La publicación de Enrique Dussel Peter y Kevin P. Gallagher, NAFTA’s uninvited guest: China and the disintegration of North American trade, analiza los efectos en el comercio entre México y Estados Unidos como resultado de la entrada de China a la Organización Mundial del Comercio (OMC) en 2001. Dussel Peter y Gallagher sugieren que el TLCAN “ha pasado por dos fases distintas,” donde la primera etapa (1994-2000) fue definida por una integración regional profunda y por crecimiento regional “en términos de PIB, comercio, inversión, empleo y salarios.” La segunda fase del TLCAN (2000-hoy) ha sido definida por niveles deteriorados de comercio, inversión, y específicamente comercio intra-industrial, con México y Estados Unidos “perdiendo terreno a terceros países como China.” Dichos autores sugieren también que la ascensión de China a la OMC en 2001 le costó a México una proporción del mercado americano, dado que México no pudo mantener la eficiencia y competitividad china. Dussel Peter y Gallagher proveen diversas recomendaciones de política, como mejorar la competitividad entre países norteamericanos, incluyendo el fortalecimiento de marcos políticos normativos regionales y del TLCAN a través de varios sectores e instituciones, para mejorar la competitividad profundizar la integración entre Estados Unidos, México y Canadá.

Please click the following link to read NAFTA’s Uninvited Guest: China and the Disintegration of North American Trade, an academic article written by Enrique Dussel Peters, professor at the Graduate School of Economics at UNAM in Mexico City, and Kevin P. Gallagher, associate professor of International Relations at Boston University.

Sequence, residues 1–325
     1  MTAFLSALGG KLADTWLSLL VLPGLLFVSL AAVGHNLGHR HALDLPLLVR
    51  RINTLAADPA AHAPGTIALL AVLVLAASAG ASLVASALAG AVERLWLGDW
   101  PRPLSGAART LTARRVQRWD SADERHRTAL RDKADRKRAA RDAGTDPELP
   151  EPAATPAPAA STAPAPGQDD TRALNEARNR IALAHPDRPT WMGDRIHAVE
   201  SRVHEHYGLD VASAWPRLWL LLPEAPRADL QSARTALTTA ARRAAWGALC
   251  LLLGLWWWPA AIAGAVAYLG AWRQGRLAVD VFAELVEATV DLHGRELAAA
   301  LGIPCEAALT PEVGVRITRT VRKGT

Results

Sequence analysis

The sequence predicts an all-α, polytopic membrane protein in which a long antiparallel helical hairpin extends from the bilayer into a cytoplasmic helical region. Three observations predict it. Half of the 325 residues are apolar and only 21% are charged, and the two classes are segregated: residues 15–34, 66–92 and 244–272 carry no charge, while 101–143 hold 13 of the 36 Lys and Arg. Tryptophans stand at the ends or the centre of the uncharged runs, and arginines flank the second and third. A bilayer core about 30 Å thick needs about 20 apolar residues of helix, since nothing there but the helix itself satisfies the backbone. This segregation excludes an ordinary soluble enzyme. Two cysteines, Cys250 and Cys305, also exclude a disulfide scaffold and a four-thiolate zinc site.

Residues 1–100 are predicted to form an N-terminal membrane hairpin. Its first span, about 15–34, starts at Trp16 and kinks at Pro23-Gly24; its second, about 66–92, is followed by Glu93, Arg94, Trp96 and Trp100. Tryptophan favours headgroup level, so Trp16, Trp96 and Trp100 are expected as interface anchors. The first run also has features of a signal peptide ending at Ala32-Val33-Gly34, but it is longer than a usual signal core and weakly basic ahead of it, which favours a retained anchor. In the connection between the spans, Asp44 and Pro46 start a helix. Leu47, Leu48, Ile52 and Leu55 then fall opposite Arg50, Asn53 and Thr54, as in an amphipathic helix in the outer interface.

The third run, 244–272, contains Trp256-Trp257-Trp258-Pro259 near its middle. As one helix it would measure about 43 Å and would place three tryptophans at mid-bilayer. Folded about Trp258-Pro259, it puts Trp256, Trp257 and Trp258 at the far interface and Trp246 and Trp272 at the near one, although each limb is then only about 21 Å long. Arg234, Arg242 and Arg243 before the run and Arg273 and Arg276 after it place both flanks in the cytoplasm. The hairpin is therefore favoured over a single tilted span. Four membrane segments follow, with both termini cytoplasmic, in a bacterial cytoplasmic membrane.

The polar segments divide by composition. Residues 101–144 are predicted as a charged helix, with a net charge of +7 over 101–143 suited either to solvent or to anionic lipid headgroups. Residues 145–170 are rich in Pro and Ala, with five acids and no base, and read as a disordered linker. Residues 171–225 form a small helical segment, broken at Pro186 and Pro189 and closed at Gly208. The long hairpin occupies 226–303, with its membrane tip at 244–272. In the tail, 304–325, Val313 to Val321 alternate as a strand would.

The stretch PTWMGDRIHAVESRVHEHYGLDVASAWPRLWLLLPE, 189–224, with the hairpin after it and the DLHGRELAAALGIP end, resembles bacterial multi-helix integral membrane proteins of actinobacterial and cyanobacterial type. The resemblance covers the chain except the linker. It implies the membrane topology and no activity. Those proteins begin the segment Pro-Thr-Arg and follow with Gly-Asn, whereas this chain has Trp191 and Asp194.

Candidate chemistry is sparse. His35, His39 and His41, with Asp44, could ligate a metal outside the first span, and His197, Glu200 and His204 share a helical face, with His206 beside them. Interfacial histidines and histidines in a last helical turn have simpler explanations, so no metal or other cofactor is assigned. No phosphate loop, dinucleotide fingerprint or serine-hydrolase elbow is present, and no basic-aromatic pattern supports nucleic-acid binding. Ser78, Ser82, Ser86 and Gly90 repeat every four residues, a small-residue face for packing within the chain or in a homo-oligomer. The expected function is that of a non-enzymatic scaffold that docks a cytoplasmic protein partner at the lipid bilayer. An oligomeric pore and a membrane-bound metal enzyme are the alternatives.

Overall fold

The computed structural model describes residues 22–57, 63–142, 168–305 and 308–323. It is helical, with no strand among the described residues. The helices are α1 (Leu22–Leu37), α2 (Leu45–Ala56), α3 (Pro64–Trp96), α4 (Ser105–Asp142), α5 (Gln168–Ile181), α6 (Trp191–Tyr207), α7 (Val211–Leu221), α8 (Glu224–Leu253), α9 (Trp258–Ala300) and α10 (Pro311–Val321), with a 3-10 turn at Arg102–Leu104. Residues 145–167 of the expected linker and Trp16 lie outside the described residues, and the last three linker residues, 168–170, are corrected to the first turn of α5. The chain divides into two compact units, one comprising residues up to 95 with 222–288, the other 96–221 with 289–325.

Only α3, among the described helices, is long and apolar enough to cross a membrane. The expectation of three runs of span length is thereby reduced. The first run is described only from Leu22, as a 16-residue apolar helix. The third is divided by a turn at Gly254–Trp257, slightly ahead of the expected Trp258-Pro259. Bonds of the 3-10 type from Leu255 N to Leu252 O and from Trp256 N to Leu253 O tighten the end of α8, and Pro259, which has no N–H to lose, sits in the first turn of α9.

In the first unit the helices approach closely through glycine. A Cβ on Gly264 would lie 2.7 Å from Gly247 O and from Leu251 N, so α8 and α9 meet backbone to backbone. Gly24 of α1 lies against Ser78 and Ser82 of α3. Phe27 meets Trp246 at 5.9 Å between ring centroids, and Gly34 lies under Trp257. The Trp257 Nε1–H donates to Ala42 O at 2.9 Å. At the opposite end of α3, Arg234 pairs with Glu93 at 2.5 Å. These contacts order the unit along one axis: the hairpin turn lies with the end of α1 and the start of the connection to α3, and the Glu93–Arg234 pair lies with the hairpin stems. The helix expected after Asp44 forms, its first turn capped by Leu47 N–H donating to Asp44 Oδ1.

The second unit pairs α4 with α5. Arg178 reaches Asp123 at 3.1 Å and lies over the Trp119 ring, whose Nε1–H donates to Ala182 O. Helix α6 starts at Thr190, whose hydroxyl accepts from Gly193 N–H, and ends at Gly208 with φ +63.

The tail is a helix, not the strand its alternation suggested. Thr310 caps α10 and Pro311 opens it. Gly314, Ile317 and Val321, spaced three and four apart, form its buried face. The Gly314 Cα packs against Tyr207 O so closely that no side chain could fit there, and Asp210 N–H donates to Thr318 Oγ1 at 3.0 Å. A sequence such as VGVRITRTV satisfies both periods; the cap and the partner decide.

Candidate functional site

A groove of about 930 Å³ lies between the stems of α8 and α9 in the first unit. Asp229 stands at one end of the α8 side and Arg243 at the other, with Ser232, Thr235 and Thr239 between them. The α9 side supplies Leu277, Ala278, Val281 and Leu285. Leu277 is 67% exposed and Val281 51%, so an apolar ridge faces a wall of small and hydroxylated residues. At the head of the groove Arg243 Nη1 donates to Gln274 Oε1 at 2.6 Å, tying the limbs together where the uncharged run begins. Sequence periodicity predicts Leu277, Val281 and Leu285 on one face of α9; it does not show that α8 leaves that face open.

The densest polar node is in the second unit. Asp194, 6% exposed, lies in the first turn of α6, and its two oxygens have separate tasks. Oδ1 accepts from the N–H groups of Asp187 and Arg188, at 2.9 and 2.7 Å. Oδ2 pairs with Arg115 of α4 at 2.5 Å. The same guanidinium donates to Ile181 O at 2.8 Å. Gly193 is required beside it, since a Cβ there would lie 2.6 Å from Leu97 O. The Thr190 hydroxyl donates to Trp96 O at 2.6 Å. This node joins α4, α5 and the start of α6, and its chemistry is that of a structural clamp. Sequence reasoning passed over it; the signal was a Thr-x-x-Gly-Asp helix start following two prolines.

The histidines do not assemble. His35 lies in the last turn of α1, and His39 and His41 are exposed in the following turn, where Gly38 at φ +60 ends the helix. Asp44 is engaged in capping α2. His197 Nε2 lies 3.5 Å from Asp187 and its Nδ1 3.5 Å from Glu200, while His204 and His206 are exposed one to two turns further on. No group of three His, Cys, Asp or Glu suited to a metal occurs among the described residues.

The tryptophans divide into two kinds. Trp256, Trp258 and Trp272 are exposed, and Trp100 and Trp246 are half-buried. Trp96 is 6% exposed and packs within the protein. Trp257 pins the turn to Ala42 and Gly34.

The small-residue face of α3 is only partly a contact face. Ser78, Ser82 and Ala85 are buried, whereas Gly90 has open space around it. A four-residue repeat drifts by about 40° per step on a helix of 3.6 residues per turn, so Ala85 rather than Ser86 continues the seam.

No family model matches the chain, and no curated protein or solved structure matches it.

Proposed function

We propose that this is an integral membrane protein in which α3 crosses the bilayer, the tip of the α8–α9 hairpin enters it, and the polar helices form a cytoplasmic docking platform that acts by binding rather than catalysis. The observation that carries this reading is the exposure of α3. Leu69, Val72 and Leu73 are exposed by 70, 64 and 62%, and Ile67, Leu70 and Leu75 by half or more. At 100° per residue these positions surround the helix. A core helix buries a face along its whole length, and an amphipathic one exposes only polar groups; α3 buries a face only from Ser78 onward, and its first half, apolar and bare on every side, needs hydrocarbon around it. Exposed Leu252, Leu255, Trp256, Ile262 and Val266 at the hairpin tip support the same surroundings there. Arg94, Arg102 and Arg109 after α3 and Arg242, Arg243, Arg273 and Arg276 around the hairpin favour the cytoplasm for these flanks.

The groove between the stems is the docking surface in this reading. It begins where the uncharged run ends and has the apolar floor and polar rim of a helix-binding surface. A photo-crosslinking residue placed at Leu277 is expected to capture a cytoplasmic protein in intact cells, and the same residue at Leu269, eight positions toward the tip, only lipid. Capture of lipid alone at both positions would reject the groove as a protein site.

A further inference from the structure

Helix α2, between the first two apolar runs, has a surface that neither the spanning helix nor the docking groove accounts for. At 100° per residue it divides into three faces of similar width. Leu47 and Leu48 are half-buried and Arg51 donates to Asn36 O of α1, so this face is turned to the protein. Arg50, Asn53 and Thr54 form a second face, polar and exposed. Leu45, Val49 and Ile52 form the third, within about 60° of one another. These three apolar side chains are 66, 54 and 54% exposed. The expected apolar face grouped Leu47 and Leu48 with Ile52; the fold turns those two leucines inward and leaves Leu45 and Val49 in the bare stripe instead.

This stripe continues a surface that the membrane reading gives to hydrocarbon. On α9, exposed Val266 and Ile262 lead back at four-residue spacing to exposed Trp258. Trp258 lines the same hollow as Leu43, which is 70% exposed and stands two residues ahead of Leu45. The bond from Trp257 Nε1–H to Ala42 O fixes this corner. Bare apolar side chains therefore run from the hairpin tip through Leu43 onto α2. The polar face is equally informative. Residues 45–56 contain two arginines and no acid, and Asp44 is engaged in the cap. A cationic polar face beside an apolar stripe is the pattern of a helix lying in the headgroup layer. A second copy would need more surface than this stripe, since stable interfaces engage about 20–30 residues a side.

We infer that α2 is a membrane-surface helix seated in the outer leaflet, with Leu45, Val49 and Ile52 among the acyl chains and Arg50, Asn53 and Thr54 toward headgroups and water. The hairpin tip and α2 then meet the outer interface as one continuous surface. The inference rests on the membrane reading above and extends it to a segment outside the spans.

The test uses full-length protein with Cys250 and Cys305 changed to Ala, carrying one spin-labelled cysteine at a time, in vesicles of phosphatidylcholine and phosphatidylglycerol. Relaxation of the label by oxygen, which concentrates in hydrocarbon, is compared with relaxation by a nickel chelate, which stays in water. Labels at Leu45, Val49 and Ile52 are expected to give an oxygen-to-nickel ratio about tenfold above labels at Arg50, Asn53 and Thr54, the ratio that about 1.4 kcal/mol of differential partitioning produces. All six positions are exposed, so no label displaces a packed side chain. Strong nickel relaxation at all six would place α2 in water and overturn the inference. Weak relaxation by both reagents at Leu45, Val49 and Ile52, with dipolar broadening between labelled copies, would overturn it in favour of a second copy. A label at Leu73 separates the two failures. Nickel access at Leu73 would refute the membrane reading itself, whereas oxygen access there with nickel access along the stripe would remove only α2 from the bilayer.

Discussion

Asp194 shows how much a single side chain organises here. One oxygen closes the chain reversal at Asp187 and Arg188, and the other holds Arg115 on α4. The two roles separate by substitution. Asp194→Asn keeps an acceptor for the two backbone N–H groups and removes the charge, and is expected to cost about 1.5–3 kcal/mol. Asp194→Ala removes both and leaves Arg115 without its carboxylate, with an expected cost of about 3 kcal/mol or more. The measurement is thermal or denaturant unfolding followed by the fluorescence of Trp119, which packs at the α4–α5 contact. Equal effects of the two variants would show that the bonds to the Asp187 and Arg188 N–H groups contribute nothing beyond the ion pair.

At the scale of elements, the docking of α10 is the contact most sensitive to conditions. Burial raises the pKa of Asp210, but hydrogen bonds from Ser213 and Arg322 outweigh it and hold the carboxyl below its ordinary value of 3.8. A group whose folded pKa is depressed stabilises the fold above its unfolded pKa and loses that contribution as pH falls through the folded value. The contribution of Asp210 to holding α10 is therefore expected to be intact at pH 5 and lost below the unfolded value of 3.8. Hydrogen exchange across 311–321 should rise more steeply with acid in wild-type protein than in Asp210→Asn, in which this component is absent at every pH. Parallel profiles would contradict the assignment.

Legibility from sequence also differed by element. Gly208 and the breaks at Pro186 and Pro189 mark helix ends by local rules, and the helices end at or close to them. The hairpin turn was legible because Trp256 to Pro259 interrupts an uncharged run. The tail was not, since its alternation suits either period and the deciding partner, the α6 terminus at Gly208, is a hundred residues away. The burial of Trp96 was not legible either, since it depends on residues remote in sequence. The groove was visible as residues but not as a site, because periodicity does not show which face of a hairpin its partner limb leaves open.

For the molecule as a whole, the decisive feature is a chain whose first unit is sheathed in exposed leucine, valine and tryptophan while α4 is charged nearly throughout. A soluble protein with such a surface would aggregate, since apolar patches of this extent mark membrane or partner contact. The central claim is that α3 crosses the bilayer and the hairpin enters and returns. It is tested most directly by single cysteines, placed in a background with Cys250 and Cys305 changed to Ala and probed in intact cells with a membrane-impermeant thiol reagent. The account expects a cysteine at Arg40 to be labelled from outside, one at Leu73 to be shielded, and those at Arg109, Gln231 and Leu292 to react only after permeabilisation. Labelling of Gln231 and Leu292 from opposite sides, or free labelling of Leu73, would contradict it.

NAFTA, Trade and Development – Mexico and the United States: Confronting the 21st Century

This academic essay takes a critical look at the North American Free Trade Agreement by juxtaposing the agreement’s initial expectations with present day economic realities in Mexico. Blecker and Esquivel argue that while NAFTA did have a significant impact on trade and investment flows to Mexico, it had a modest impact on the variables that matter most, namely employment, income distribution, and growth. The authors conclude that NAFTA failed to reach its full potential due to a lack of complementary policies, which ultimately prevented regional integration between Mexico and the United States.

Este ensayo académico hace un análisis crítico del Tratado de Libre Comercio de Norte América, contrastando las expectativas iniciales del tratado con la realidad económica actual en México. Blecker y Esquivel a argumentan que si bien el TLC tuvo un impacto significante en comercio e inversiones en México, tuvo un impacto modesto en las variables mas relevantes, como empleo, distribución de ingreso y crecimiento económico. Los autores concluyen que el TLC no cumplió su potencial debido a la falta de políticas complementarias, que al final prohibió una integración regional entre México y Estados Unidos.